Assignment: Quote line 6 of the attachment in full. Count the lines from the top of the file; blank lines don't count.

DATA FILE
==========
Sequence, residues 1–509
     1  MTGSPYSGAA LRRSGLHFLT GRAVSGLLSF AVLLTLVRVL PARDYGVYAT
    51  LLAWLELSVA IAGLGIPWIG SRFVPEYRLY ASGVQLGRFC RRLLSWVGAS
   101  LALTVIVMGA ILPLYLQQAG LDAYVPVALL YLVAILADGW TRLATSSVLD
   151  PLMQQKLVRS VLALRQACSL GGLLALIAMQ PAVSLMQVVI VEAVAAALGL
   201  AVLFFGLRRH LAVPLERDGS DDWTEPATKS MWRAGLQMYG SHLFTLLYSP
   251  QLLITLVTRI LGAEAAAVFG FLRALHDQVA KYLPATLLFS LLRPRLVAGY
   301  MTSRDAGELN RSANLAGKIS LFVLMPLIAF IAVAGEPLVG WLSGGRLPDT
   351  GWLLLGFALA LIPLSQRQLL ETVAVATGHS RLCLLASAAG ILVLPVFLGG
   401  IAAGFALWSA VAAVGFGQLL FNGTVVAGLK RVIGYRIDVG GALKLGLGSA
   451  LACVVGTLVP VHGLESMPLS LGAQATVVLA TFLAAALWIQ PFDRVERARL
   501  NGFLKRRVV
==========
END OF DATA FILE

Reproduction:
   201  AVLFFGLRRH LAVPLERDGS DDWTEPATKS MWRAGLQMYG SHLFTLLYSP